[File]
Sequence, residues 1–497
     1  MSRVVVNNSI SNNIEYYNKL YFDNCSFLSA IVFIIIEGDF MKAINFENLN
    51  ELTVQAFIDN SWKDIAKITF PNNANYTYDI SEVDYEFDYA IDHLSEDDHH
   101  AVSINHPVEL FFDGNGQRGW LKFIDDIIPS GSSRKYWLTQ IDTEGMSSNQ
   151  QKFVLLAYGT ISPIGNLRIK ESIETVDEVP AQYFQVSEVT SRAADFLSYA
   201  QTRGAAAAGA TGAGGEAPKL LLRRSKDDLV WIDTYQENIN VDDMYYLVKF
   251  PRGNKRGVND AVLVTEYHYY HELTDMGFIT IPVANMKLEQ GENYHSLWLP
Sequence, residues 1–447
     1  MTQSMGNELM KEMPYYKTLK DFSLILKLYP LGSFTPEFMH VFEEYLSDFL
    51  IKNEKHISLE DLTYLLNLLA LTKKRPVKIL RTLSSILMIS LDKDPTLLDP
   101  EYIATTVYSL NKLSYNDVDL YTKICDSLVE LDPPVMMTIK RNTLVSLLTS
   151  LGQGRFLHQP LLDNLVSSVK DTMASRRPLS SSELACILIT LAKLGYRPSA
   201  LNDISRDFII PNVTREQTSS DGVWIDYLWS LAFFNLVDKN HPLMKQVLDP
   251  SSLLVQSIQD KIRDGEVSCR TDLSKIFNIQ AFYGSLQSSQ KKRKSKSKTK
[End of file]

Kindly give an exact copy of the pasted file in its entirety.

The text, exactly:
Sequence, residues 1–497
     1  MSRVVVNNSI SNNIEYYNKL YFDNCSFLSA IVFIIIEGDF MKAINFENLN
    51  ELTVQAFIDN SWKDIAKITF PNNANYTYDI SEVDYEFDYA IDHLSEDDHH
   101  AVSINHPVEL FFDGNGQRGW LKFIDDIIPS GSSRKYWLTQ IDTEGMSSNQ
   151  QKFVLLAYGT ISPIGNLRIK ESIETVDEVP AQYFQVSEVT SRAADFLSYA
   201  QTRGAAAAGA TGAGGEAPKL LLRRSKDDLV WIDTYQENIN VDDMYYLVKF
   251  PRGNKRGVND AVLVTEYHYY HELTDMGFIT IPVANMKLEQ GENYHSLWLP
Sequence, residues 1–447
     1  MTQSMGNELM KEMPYYKTLK DFSLILKLYP LGSFTPEFMH VFEEYLSDFL
    51  IKNEKHISLE DLTYLLNLLA LTKKRPVKIL RTLSSILMIS LDKDPTLLDP
   101  EYIATTVYSL NKLSYNDVDL YTKICDSLVE LDPPVMMTIK RNTLVSLLTS
   151  LGQGRFLHQP LLDNLVSSVK DTMASRRPLS SSELACILIT LAKLGYRPSA
   201  LNDISRDFII PNVTREQTSS DGVWIDYLWS LAFFNLVDKN HPLMKQVLDP
   251  SSLLVQSIQD KIRDGEVSCR TDLSKIFNIQ AFYGSLQSSQ KKRKSKSKTK